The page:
Last week, a vote occurred in the U.S. House of Representatives' Energy and Commerce Committee, and support for repealing the Medicare sustainable growth rate (SGR) formula moved forward.
"The American Medical Association (AMA) is pleased that the Energy and Commerce Committee and other congressional leaders continue their work to end the broken Medicare physician payment system this year and move toward a Medicare program that rewards high quality care for our nation’s senior citizens and reduces costs. There is clear bipartisan support for fixing this failed formula and making improvements in the program, but the details matter considerably and there is still work to be done to ensure a strong future for Medicare."
The House Energy and Commerce Health Subcommittee approved the general tenets of the bill; however, it was agreed that there is still considerable work to be done. This is a significant move away from the fee-for-service model of Medicare reimbursement.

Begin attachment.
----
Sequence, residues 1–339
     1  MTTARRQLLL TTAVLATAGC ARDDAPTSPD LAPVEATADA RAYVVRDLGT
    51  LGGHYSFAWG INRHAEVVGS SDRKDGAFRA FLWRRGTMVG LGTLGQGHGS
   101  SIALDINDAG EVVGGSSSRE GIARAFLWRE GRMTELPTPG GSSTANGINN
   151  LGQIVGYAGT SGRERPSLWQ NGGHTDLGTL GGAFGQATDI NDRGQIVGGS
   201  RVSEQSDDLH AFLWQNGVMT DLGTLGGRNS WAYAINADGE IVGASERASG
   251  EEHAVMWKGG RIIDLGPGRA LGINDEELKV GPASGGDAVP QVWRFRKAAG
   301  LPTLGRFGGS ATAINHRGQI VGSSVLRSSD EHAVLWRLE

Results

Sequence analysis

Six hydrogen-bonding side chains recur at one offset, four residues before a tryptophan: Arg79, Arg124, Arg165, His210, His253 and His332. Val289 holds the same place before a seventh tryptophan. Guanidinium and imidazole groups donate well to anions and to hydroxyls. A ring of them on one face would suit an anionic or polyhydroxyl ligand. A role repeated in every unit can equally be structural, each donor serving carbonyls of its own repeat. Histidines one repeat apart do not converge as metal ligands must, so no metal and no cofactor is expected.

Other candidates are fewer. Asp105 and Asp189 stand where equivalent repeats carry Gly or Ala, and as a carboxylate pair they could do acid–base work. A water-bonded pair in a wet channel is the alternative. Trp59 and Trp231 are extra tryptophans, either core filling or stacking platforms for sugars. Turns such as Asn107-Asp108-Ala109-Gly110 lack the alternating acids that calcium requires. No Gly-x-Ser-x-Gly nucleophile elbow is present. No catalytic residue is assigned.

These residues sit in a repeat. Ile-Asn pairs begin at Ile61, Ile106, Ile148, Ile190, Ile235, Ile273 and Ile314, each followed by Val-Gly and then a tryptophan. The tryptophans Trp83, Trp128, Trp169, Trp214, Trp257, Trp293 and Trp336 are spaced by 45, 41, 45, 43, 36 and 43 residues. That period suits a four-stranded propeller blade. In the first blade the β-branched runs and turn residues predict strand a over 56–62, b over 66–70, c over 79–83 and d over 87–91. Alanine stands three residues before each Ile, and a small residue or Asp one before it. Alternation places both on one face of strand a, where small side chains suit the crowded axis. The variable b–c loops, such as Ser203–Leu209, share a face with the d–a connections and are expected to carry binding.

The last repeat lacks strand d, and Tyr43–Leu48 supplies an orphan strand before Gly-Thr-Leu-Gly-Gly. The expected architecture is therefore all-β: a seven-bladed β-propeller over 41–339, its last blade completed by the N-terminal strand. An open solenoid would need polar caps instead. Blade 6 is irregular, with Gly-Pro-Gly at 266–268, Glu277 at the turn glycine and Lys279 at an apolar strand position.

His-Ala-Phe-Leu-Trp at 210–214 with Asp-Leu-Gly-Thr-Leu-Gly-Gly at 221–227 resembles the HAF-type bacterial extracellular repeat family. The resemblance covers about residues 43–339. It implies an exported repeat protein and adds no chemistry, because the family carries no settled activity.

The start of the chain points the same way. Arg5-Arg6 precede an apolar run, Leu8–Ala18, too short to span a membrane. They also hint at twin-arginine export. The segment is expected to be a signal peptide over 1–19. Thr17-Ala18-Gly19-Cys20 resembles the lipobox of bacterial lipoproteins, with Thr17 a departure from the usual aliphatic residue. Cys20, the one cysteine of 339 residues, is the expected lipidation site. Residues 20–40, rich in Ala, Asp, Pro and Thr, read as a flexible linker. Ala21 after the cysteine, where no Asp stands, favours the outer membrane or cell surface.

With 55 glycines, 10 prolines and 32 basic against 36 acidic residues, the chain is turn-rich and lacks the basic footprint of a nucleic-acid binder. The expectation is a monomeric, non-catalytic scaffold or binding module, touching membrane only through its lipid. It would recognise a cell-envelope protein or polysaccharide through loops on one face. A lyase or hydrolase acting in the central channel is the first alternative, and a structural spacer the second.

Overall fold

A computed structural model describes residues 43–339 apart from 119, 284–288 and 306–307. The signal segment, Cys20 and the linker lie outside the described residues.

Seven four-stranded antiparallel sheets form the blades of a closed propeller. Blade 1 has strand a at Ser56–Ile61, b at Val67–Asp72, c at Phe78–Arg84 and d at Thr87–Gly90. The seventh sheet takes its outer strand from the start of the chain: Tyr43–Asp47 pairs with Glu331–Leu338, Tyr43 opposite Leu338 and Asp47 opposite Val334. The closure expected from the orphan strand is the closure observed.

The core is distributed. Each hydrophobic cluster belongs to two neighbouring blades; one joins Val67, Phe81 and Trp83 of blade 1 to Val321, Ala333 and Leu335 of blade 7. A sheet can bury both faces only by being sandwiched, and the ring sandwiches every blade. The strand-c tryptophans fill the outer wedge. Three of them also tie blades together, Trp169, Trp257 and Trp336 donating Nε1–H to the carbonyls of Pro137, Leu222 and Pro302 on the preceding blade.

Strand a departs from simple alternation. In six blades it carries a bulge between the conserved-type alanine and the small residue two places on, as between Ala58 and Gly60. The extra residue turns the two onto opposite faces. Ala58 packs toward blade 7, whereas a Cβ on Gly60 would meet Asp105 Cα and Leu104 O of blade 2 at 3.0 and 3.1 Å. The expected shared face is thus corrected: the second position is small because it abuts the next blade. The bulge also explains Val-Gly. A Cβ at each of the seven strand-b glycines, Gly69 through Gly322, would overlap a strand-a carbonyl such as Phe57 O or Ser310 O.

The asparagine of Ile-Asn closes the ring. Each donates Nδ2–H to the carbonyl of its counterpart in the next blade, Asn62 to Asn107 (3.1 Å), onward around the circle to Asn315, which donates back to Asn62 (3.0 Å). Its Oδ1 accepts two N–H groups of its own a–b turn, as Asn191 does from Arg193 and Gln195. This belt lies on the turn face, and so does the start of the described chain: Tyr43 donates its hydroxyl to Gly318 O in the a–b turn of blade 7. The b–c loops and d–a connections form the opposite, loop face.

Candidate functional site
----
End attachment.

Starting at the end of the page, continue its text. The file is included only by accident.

A full Committee vote occurred on H.R. 2810 on Wednesday, July 31, just before Congress recesses for their five-week summer break. The bill passed in a 51-0 bipartisan effort.
If enacted, the measure would eliminate the SGR formula and replace it with 0.5 percent physician payment increases from 2014 through 2018, while exploring other measures.
According to a statement from the House Energy and Commerce Committee:
"First and foremost, the bill repeals the flawed sustainable growth rate (SGR) system and replaces it with a fair and stable system of payments. Instead of looming annual cuts, physicians will be rewarded for the quality of care they provide to Medicare beneficiaries. The legislation also includes new transparency and collaboration requirements to solicit input from expert medical organizations and other groups on the development and selection of quality measures."
It goes without saying that this legislation, if it becomes law, would have a significant impact financially on physicians’ practices. This is one piece of legislation to watch closely — because, like ICD-10, the sooner the transition process begins, the better the fiscal impact in the short and long term.